Biology (University Graz, Austria)
Zoology (University of Vienna, Austria)
Post Doctoral positions:
Post Doctoral Researcher (University of Vienna, Austria; University of Strasbourg, France; NTNU Trondheim, Norway)
Post Doctoral Researcher
(University of Valladolid, Spain)
Research Interests and Main Results
My main research interest is how social and cognitive factors modulate cooperative behaviour.
In 2007 I established a group of captive carrion crows at the Konrad Lorenz research station in Austria and performed a series of experimental tests on cognitive prerequisites of cooperation.
I could show crows to be able to deal with extended delays in order to optimize the quality of a food reward (exchange low quality against high quality food).
In contrast, they could not wait to exchange one piece of food against a higher quantity of food. Furthermore, carrion crows have been shown to respond behaviourally to inequity in reward distribution and working effort.
This previously has only been shown in primates and dogs, but not birds.
In the next two years, I plan to compare performance in cognitive tasks between non-cooperatively breeding crows in Austria and cooperatively breeding crows in Spain.
Wascher C.A.F. & Bugnyar T. Awareness to inequity and working effort in carrion crows (Corvus corone corone) and common ravens (Corvus corax). Subm.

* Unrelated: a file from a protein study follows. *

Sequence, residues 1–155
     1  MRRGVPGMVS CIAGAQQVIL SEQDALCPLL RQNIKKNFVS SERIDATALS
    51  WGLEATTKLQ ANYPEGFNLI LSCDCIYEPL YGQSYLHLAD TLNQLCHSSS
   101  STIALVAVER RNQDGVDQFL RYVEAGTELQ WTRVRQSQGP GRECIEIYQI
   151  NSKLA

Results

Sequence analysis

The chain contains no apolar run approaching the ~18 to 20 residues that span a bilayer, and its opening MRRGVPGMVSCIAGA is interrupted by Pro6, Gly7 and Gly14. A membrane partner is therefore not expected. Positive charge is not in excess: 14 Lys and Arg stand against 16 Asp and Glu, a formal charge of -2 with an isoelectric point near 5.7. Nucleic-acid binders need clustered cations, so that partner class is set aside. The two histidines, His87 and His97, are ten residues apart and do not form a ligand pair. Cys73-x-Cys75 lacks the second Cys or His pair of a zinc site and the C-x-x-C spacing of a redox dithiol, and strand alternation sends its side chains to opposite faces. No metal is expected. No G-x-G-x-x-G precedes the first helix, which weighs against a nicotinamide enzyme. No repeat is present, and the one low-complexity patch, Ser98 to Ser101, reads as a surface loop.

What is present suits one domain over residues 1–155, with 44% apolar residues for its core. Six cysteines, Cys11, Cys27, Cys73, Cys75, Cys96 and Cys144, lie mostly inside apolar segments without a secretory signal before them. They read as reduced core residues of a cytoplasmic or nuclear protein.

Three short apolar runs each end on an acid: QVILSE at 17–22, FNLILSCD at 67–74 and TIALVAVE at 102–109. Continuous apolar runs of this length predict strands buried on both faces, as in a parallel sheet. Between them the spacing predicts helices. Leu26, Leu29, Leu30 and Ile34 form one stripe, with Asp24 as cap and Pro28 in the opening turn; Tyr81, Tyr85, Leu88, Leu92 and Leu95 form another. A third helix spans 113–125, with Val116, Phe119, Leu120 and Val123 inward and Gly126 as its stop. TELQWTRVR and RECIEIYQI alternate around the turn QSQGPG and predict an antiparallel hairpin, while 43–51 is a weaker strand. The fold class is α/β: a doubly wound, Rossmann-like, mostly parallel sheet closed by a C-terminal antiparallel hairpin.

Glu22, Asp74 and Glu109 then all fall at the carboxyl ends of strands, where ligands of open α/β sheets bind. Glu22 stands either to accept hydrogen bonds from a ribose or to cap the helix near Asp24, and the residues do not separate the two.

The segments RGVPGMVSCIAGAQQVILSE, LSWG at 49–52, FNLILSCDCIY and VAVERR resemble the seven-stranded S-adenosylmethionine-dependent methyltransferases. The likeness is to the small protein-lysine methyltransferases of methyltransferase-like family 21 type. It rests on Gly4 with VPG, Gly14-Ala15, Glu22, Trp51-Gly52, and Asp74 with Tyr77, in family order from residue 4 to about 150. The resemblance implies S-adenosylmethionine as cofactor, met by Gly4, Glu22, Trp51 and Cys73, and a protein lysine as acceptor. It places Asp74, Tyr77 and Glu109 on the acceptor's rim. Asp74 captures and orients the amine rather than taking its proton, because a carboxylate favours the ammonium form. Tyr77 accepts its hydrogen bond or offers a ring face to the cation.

Wascher C.A.F., Bauer A.C., Holtmann A.R. & Kotrschal K. 2012. Environmental and social factors affecting excretion of intestinal parasite eggs and oocysts in a flock of free-living greylag geese (Anser anser). Behavioral Ecology, 23 (6): 1276-1283.
Wascher C.A.F., Dufour V. & Bugnyar T. 2012. Carrion crows cannot overcome impulsive choice in a quantitative exchange task. Frontiers in Comparative Psychology, 3: 118. doi: 10.3389/fpsyg.2012.00118
Wascher C.A.F., Szipl G., Boeckle M. & Wilkinson A. 2012. You sound familiar- Carrion crows can differentiate between the calls of known and unknown heterospecifics. Animal Cognition, 15: 1015-1019.
Wascher C.A.F., Weiß B.M., Arnold W. & Kotrschal K. 2012. Physiological implications of pair-bond status in greylag geese. Biology Letters, 8: 347-350.
Dufour V., Wascher C.A.F., Braun A., Miller R. & Bugnyar T. 2012. Corvids can decide if a future transaction is worth waiting for. Biology Letters, 8: 201-204.
Wascher C.A.F., Scheiber I .B.R., Braun A. & Kotrschal K. 2011. Heart rate responses to induced challenge situations in greylag geese (Anser anser). Journal of Comparative Psychology, 125 (1): 116-119.
Wascher C.A.F., Fraser O.N. & Kotrschal K. 2010. Heart rate during conflicts predicts post-conflict stress-related behavior in greylag geese. PloS ONE, 5 (12): e15751.doi:10.1371/journal.pone.0015751
Kralj-Fiser S., Scheiber I.B.R., Kotrschal K., Weiß B.M. & Wascher C.A.F. 2010. Glucocorticoids enhance and suppress heart rate and behaviour in time dependent manner in greylag geese (Anser anser). Physiology & Behavior, 100: 394-400.
Wascher C.A.F., Scheiber I .B.R., Weiß B.M. & Kotrschal K. 2009. Heart rate responses to agonistic encounters in greylag geese (Anser anser). Animal Behaviour, 77: 955-961.
Scheiber I.B.R., Weiß B.M., Hirschenhauser K., Wascher C.A.F., Nedelcu I.T. & Kotrschal K. 2008. Does ‚relationship intelligence’ make big brains in birds? The Open Biology Journal, 1: 6-8.
Wascher C.A.F., Arnold W. & Kotrschal K. 2008. Heart rate modulation by social contexts in Greylag geese (Anser anser). Journal of Comparative Psychology, 122 (1): 100-107.
Wascher C.A.F., Scheiber I.B.R. & Kotrschal K. 2008. Heart rate modulationin bystanding geese watching social and non-social events. Proceedings of the Royal Society London, Series B, 275: 1653-1659.
Wascher C.A.F. & Kotrschal K. Social life is costly. Heart rate in greylag geese.